[TAG] lpr works for user not root in Basiclinux 2.1
keesan at grex.cyberspace.org
Fri Jan 26 05:48:18 MSK 2007
On Thu, 25 Jan 2007, Kapil Hari Paranjape wrote:
> On Thu, 25 Jan 2007, Sindi Keesan wrote:
>>> 3. Since printing by "root" would lead (possibly
>>> inadvertently) to the execution of these "programs" it is
>>> often disabled.
>> How is it disabled?
> In one of (at least) three ways that I know of:
> a. When lpr is run it checks whether it is being run
> as root and in that case it just drops the job.
> b. When lpr is run it checks whether it is being run
> as root and in that case it refuses to use any filters.
> c. The filters themselves check to see whether they are
> being run as root and in that case they refuse to run.
> I believe that (b) is quite common.
I hope it is just a permissions problem.
>> But I am setting up small linuxes for friends who
>> just want to print formatted files directly with a wordprocessor or
>> browser, and it is complicated to make our linux work as user for every
>> program when it is designed to be used as root only.
> As Ben has already pointed out: Running everything as root especially
> when the users are non-technical is probably not very safe.
I will try to set them up as user. But I can always reinstall the 40MB of
software if they break it (and keep a backup .tgz of it on their drive in
a DOS partition).
>> This happened automatically when I went to any new URL as root. I was
>> asked first whether to add that key. User was not asked whether to add a
>> key and may not have the right to. Do I need to change permissions on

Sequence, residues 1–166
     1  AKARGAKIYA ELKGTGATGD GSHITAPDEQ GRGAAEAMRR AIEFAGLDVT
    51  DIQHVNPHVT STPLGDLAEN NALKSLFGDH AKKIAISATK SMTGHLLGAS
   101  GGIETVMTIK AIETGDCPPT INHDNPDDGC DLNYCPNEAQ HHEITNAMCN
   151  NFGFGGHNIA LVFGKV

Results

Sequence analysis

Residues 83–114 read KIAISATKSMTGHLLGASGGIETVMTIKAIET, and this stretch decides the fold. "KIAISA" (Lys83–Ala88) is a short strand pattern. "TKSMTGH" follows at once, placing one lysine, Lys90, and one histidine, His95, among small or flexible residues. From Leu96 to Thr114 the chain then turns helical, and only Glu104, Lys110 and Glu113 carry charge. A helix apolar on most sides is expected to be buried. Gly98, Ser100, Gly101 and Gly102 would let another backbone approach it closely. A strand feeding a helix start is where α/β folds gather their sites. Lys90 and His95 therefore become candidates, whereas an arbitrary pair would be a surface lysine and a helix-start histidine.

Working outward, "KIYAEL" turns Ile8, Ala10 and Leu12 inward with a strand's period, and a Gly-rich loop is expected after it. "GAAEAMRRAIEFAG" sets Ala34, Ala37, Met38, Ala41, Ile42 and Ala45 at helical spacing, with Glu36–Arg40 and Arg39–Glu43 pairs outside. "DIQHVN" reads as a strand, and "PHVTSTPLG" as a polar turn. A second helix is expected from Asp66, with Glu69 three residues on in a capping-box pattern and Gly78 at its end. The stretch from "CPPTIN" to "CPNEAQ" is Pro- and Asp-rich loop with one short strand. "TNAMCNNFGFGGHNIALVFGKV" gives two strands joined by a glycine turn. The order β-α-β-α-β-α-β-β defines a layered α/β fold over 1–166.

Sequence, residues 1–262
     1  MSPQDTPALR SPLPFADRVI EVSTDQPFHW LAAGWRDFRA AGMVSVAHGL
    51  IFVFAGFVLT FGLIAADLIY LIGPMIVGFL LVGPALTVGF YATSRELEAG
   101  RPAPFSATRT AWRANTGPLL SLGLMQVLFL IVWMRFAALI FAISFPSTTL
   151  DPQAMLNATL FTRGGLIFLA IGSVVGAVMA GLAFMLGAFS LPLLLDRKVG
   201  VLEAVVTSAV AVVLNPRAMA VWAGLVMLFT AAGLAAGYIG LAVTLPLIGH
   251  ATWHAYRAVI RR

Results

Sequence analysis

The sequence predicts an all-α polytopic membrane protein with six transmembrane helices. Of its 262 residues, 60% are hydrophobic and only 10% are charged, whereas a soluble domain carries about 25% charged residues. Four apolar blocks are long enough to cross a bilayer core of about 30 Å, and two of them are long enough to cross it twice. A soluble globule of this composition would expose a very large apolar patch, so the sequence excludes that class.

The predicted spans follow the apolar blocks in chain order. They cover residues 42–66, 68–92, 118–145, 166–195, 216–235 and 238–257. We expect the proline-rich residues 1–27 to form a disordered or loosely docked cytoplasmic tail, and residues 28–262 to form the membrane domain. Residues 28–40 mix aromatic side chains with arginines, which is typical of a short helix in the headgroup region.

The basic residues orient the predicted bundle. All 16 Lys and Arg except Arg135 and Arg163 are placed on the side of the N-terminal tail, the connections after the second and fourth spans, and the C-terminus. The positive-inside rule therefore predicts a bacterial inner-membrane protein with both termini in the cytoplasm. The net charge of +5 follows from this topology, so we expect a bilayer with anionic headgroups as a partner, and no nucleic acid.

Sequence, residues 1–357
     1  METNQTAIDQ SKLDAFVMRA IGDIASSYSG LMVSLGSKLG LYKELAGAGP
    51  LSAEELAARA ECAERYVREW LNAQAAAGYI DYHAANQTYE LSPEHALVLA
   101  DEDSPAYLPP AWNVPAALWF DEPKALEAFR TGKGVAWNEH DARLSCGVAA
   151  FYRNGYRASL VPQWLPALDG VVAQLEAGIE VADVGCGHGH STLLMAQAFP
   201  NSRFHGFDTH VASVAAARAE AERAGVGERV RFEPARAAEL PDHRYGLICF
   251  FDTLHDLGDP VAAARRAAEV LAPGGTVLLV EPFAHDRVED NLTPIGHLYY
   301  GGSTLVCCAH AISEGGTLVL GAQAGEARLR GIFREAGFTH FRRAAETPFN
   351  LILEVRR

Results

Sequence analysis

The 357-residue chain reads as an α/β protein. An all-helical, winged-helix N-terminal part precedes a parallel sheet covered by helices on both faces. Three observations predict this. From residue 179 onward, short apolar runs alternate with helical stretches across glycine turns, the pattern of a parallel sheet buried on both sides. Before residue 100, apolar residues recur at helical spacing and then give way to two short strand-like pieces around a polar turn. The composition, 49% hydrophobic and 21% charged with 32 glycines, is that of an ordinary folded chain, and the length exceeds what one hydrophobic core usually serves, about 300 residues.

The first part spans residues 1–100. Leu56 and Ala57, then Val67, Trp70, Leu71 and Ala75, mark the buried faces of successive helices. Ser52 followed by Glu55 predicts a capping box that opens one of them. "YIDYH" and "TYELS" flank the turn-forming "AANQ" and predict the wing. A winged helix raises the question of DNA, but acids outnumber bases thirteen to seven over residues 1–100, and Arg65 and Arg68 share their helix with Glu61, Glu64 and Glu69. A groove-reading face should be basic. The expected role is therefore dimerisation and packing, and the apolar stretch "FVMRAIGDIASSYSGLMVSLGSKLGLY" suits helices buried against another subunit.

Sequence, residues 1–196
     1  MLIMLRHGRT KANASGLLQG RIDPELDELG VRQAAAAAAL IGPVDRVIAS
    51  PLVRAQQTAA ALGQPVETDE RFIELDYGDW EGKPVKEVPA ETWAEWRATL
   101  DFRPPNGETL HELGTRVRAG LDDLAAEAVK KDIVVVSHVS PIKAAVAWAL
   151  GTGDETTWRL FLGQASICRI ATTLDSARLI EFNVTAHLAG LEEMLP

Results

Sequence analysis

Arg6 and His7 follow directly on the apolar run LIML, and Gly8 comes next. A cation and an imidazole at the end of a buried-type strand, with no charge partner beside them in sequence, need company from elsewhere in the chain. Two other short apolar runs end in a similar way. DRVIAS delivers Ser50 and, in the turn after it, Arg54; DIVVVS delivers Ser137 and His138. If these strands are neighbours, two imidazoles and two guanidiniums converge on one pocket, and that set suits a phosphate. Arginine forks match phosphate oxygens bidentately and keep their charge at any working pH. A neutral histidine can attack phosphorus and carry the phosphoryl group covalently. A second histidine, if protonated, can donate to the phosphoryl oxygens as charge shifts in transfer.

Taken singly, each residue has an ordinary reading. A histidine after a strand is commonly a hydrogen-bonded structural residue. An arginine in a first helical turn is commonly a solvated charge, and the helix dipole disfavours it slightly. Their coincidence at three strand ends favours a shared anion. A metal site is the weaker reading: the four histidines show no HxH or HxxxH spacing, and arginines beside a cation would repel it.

>> the known_hosts file from /root/.ssh to use it as user?
> Certainly, if the user wants to write to that file. The SSH client
> pobably wants to do this on behalf of the user if the user home
> directory is set as /root.
known_hosts is -rw------- 1 root root
I copied it to /home/user/.ssh
I did a chown known_hosts user and now my error message is
Permission denied, please try again.
Permission denied (publickey,password,keyboard-interactive)
I do not need to run ssh as user, I was just using it as an example of how
much more complicated it is to make things work as user in our
> I still feel that you are conflating a lot of different issues:
> a. Permissions (Running as root vs. running as user.)
Not necessary if I can get lpr to run as root.
> b. Problems with lpr.
This is what I wanted help with.
> c. Problems with ssh.
> If you separated out these issues it might be easier to diagnose and
> solve the problems. (a) and (b) may be related but I tend to think
> that this is a configuration/program issue rather than a permissions
> issue. There *may* be a relation between (a) and (c) but again this
> may be because the $HOME directory of the user is configured in a
> non-standard way. (b) and (c) are most probably[*] un-related.
> However, here is a general remark. Given the security-related history
> of "lpr" and the security-related use of "ssh", both are probably
> quite finicky about file permissions and access and will often refuse
> to run or give dire warnings (in their default configuration) if they
> find something "screwy" like unusual permissions on a directory or
Lots of things in our distribution are screwy. But it boots in 15 seconds
and works well (once you get it working) on old hardware. I am trying to
make the old hardware work for friends who want to print webpages.
> [*] I originally wrote "certainly" but the mathematician in me
> prevailed to make it "most probably" :-)
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